That was when I was in England and often times; we’d go to a restaurant in the nearby picturesque village of Bewdley.

One of Bewdley’s features is that it straddles the River Severn and, unsurprisingly, has a local duck population bobbing about on the river. 

The location is very well spoiled and cooed over by converging tourists. We were no different in that before we ate at the nearby restaurant, we would feed and photograph the ducks.

Half an hour later, as we tucked into our Sunday lunches, my eleven-year-old self had a sudden outburst of self-evident and instrumental innocent logic - the kind that makes adults immediately drop whatever they are doing, run up a white flag and head for the hills.

My father (who I hasten to add I still love very much) had chosen duck from the menu one particular Sunday. Confused, I put it to him: “Dad, why did you feed the ducks earlier, but you’re eating one now?”

Cue lots of adult reddening from the neck up, inter-parental sideways glances and clearing of the throat, all the while why I, oblivious to the cognitive dissonance I had just rained down upon my unsuspecting father, quickly had my attention drawn away by the passing dessert trolley.

Now the vegan point that I, the eleven-year-old non-vegan, had made, I still didn’t think that through to its natural conclusion.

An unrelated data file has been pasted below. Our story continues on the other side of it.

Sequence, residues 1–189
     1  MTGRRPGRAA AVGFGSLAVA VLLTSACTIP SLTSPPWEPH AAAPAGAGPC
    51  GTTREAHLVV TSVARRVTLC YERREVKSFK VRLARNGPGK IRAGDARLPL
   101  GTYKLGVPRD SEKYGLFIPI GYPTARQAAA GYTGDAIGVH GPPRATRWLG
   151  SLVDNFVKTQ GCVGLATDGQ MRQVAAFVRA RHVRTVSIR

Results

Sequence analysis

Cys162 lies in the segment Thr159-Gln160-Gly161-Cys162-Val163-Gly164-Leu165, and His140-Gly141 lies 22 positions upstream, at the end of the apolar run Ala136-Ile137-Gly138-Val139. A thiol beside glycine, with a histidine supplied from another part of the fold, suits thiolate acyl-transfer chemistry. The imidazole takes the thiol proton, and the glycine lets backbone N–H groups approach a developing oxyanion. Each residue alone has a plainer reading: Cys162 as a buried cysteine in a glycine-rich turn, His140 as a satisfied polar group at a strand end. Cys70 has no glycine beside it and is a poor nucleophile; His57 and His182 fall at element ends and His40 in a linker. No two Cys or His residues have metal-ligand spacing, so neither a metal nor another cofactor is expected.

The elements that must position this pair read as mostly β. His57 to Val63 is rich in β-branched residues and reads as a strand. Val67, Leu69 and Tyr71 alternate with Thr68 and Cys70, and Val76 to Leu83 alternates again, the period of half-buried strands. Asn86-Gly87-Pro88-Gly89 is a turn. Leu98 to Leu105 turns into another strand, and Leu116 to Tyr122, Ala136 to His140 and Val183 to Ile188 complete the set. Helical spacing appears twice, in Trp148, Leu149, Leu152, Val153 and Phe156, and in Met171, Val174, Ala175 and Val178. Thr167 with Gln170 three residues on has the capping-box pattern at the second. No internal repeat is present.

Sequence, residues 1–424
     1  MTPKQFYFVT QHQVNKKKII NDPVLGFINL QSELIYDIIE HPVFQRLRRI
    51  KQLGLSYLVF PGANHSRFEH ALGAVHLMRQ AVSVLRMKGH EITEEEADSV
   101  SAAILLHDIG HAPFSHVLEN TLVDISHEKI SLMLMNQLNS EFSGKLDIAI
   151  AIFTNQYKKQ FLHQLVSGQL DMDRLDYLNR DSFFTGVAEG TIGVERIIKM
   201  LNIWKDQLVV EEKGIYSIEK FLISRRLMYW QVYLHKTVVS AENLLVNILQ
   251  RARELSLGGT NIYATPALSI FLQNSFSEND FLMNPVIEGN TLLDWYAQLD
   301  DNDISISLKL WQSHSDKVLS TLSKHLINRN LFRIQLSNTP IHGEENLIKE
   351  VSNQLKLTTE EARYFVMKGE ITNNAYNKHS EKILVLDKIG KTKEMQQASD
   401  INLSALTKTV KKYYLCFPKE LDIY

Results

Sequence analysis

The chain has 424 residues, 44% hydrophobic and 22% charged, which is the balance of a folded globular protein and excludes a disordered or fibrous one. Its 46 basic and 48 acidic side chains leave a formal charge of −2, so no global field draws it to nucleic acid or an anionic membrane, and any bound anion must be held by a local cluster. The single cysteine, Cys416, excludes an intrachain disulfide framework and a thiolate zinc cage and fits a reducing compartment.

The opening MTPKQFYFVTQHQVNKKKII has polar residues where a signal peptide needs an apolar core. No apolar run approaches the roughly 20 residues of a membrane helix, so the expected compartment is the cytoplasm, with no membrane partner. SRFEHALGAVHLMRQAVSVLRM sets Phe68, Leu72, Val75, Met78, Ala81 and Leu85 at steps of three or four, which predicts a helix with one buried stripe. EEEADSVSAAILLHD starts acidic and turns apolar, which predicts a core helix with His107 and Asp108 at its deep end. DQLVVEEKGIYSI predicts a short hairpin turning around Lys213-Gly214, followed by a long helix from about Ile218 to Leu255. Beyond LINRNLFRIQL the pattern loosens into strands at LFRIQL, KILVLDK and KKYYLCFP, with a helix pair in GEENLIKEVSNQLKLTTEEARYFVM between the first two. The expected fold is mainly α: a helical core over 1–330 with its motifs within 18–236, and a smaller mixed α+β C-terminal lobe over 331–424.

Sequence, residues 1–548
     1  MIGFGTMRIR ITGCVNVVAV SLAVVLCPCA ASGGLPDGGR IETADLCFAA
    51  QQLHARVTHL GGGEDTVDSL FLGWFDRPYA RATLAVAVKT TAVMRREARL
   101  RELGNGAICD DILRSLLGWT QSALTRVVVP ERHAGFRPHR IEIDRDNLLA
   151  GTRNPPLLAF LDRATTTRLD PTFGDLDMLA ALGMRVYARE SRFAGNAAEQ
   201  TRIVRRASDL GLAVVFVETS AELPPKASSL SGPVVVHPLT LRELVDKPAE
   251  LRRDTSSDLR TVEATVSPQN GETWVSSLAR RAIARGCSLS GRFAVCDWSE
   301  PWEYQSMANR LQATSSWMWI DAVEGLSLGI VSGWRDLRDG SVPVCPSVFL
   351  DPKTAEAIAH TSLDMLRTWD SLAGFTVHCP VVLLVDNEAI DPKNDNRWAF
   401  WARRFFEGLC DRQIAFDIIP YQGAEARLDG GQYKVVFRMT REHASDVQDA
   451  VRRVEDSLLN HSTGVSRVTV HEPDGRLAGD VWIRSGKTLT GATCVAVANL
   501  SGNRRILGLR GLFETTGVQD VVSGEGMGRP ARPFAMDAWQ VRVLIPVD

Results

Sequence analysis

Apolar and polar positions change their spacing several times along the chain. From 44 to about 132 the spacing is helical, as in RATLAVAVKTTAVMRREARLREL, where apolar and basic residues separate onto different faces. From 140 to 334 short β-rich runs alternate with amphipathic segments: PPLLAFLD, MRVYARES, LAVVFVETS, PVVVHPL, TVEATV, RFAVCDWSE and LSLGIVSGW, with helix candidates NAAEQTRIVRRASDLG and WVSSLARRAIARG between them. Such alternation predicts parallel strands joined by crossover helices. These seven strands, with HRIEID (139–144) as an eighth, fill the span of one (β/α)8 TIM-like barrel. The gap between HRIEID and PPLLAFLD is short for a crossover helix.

Sure, I was eleven years old at the time. Again, that logical short-circuiting is something I carried on into my adult life as do so many others.

For years afterward, I carried on eating meat, dairy, and eggs. It wasn’t until my thirties that I started to change that. Even then, I went vegetarian in 2004 and didn’t move to veganism until 2012.

So, what do I now, of course, ask myself:

“Why didn’t I go vegan earlier?”

I’m just glad I eventually did.

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ROBERT THE BRUCE’S EIGHT-LEGGED INSPIRATION

Robert the Bruce was a Scottish King of old who had had a bad run of luck fighting his English neighbors to the south.

So much so, that after one defeat, he took refuge in a cave to avoid capture by the marauding English. 

As he waited, he watched a spider try to make its elaborate web.

The spider tried and tried to make a connecting thread to hold the web to the cave wall, and each time it failed and fell.

Undeterred, the spider continued until it managed to attach the web to the wall successfully. 

Inspired by this arachnid display of determination, Robert the Bruce rallied his forces one more time. He was finally victorious over the English in the next battle.

By Otter - Own work, CC BY-SA 3.0, https://commons.wikimedia.org/w/index.php?curid=4877345

Moral of the story? First, spiders are cool and do cool stuff? Yes, absolutely! But second, it really is a case of try, try and try again for those trying to make any transformation based on fundamental change.

Likewise for those struggling to make a vegan change overnight, it really is a case of persistence and never losing sight of that ultimate goal.

Often times, we know what the right thing to do is. That nagging voice inside our heads that never really takes a break from pestering us ensures that we make the transformation, sooner or later.

Some, a few, will have the will-power, the resources, and support-structures around them to make the change overnight. And that should be applauded, absolutely. Many, though, will not.